Rise of streaming services sees radio and CDs suffer while broadcast TV stands strong

Rise of streaming services sees radio and CDs suffer while broadcast TV stands strong

Online streaming and live TV consumption increases  by nearly a third respectively in the UAE and KSA compared to 12 months ago

The rise of online streaming services has revolutionized the media industry. Faced with an eclectic mix of media providers, consumers have the power to unlock thousands of TV shows, films and/or music in seconds. The success of such companies has surprised many in the scope of both their popularity and their profit. Netflix, a pioneer of the TV and film streaming industry, is approaching 110 million subscribers worldwide. Online music streaming service Spotify is now worth more than the entire US music industry, with an estimated value of $8.4 billion.

29% of consumers have steamed more music online in the past year

New research from YouGov Omnibus shows just how rapidly media trends are shifting in Saudi Arabia and the UAE. In the past 12 months 29% of consumers across both countries say they have increased the frequency with which they listen to music using online streaming services. This trend is strongest in the UAE, where the figure rises to 35%. By contrast, just 24% of UAE consumers don’t listen to music using online streaming as much as they used to. The net increase (+11) shows the strong growth of online music streaming services in the Emirates in the past year alone.

Changing station - how have your entertainment preferences changed compared to 12 months ago?

Other means of listening to music have suffered as a result. A third of consumers in Saudi Arabia claim to listen to the radio less than they did 12 months ago, while in the UAE 28% have tuned in less. However, CDs have seen the biggest plunge in popularity; 35% of consumers in both countries have played CDs less in the past year.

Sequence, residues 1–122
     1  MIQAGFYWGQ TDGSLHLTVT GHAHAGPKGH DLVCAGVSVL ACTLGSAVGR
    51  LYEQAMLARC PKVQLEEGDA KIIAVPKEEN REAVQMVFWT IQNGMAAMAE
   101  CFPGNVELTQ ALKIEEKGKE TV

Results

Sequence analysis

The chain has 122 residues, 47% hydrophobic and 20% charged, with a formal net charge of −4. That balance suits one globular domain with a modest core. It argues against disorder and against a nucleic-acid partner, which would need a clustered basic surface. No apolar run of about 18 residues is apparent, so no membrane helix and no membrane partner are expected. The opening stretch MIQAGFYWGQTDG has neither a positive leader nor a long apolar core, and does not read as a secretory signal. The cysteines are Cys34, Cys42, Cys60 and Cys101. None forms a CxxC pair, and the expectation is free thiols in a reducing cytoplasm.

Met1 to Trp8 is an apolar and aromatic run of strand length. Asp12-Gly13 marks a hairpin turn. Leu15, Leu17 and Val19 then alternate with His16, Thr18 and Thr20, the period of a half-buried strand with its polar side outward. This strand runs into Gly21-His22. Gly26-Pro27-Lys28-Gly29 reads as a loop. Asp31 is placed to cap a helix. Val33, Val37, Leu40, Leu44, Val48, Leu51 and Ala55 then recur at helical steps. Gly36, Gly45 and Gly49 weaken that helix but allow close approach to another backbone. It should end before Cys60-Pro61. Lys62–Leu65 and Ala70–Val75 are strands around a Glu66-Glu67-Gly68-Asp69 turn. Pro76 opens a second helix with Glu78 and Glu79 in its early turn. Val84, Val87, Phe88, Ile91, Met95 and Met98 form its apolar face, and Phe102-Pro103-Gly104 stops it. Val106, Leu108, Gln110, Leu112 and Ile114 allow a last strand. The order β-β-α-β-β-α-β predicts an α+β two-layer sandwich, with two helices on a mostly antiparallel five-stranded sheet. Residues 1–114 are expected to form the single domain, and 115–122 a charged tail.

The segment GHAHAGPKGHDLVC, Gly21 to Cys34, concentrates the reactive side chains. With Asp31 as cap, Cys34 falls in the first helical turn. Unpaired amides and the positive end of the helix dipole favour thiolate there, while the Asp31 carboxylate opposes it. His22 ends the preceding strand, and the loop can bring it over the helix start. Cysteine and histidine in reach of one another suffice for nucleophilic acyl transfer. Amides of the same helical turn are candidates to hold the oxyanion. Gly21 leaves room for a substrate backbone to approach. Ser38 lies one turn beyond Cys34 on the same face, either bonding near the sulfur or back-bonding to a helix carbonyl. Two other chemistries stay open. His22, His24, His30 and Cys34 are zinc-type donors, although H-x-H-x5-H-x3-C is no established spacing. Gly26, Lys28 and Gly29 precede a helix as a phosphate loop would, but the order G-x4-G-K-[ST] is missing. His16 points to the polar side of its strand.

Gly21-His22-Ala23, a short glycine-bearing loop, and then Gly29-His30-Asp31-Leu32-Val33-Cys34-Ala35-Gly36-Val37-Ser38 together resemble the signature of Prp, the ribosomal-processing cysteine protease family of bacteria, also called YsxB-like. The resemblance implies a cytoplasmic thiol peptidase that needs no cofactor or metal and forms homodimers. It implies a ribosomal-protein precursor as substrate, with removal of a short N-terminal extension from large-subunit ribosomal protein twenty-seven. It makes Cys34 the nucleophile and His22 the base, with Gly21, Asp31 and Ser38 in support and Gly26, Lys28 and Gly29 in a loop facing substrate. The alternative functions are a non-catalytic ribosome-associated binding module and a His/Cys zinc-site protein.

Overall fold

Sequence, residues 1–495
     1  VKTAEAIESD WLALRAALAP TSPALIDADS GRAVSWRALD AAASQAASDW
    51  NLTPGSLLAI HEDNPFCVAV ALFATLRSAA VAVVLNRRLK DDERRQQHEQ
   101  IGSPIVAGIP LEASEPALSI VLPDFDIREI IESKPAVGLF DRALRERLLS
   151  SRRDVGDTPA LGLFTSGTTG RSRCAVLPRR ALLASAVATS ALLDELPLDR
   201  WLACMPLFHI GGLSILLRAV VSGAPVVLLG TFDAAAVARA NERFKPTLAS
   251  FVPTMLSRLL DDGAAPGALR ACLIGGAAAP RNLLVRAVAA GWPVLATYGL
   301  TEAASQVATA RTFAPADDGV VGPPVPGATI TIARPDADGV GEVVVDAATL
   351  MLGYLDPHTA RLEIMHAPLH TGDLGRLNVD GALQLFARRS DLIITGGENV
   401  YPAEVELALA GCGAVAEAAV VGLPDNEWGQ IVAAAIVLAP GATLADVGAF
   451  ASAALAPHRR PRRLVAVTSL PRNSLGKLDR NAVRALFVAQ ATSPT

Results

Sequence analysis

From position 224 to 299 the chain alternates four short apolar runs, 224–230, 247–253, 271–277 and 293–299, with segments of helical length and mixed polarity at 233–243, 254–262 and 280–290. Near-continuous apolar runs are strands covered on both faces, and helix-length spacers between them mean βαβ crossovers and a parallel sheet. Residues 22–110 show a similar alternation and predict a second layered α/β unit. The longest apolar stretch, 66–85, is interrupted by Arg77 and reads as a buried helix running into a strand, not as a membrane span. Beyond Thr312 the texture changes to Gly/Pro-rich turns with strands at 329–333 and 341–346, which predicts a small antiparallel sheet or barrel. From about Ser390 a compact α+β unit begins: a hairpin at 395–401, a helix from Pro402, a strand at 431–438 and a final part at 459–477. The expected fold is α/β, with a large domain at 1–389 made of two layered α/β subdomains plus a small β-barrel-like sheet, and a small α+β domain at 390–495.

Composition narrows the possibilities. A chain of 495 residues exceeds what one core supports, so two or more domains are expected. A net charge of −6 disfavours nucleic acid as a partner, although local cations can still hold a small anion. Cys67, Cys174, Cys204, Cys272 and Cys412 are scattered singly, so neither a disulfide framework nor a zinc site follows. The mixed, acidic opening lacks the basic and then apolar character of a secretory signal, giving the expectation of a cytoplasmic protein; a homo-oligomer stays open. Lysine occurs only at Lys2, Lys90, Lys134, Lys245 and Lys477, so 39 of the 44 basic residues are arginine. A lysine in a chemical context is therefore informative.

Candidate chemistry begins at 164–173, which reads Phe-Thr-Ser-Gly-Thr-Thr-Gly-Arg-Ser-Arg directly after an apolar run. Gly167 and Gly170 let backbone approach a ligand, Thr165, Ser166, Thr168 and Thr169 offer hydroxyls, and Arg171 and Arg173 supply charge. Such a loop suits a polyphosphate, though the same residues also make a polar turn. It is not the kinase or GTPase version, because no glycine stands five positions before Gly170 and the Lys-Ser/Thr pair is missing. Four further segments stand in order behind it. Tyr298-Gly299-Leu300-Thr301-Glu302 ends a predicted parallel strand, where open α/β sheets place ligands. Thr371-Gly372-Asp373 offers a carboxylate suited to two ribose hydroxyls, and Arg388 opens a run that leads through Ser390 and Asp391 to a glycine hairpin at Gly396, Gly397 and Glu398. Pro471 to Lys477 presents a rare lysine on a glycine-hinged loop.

Overall, a third (34%) of online consumers across both countries have subscribed to a music streaming service at some point. Of those who have previously subscribed to such a service, half (52%) still have a subscription. Interestingly, the study shows once customers change digital music service providers, it’s hard to entice them back. When propositioned with better sound quality, respondents claim they are more likely to stick with and pay more with their current provider (79%), whereas fewer (64%) would return to and pay more with their previous provider.

Three in ten consumers say they stream video content more than they did a year ago

Much like music, consumers are also increasingly using subscription services to watch video content. As many as three in ten (29%) across both countries say they watch video content on platforms that do not require payment and/or a subscription, while a quarter (26%) pay to watch video content via streaming services more than they did a year ago. Yet broadcast TV remains popular; nearly a third of consumers across both countries (30%) say they watch more live TV more than they did twelve months ago.

Commenting on the findings Head of Omnibus Research, Kerry McLaren, said, “There’s no question this survey shows online steaming is an exciting industry to be in right now in the middle east region. In particular, UAE consumers are favouring such services more and more over traditional means, and are prepared to pay for the privilege. While it looks like radio providers will need to diversify to maintain consumer engagement in future, traditional live TV is striking the right balance and shows no signs of slowing when it comes to consumer entertainment preferences.”

Data collected online by YouGov Omnibus among 1,002 respondents in Saudi Arabia and 1,114 respondents in the UAE between 14 and 21 December 2017 using YouGov’s panel of over 5 million people worldwide. Data is representative of the adult online population in both countries.

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